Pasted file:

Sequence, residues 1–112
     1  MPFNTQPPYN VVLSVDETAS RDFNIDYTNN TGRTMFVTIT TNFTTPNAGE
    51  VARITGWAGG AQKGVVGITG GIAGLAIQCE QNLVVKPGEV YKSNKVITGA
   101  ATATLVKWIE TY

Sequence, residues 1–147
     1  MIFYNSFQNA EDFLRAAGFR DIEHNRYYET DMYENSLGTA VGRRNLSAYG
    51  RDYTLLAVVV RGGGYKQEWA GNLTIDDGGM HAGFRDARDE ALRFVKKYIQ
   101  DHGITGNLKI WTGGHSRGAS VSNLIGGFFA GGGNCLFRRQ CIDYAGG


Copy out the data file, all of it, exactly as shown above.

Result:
Sequence, residues 1–112
     1  MPFNTQPPYN VVLSVDETAS RDFNIDYTNN TGRTMFVTIT TNFTTPNAGE
    51  VARITGWAGG AQKGVVGITG GIAGLAIQCE QNLVVKPGEV YKSNKVITGA
   101  ATATLVKWIE TY

Sequence, residues 1–147
     1  MIFYNSFQNA EDFLRAAGFR DIEHNRYYET DMYENSLGTA VGRRNLSAYG
    51  RDYTLLAVVV RGGGYKQEWA GNLTIDDGGM HAGFRDARDE ALRFVKKYIQ
   101  DHGITGNLKI WTGGHSRGAS VSNLIGGFFA GGGNCLFRRQ CIDYAGG